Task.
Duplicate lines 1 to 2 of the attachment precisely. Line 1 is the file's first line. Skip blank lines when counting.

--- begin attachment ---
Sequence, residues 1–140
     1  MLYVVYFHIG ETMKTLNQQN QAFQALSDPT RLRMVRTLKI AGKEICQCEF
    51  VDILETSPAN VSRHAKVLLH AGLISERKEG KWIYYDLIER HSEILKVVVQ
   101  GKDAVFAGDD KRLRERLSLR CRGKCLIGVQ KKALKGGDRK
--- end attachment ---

Sequence, residues 1–140
     1  MLYVVYFHIG ETMKTLNQQN QAFQALSDPT RLRMVRTLKI AGKEICQCEF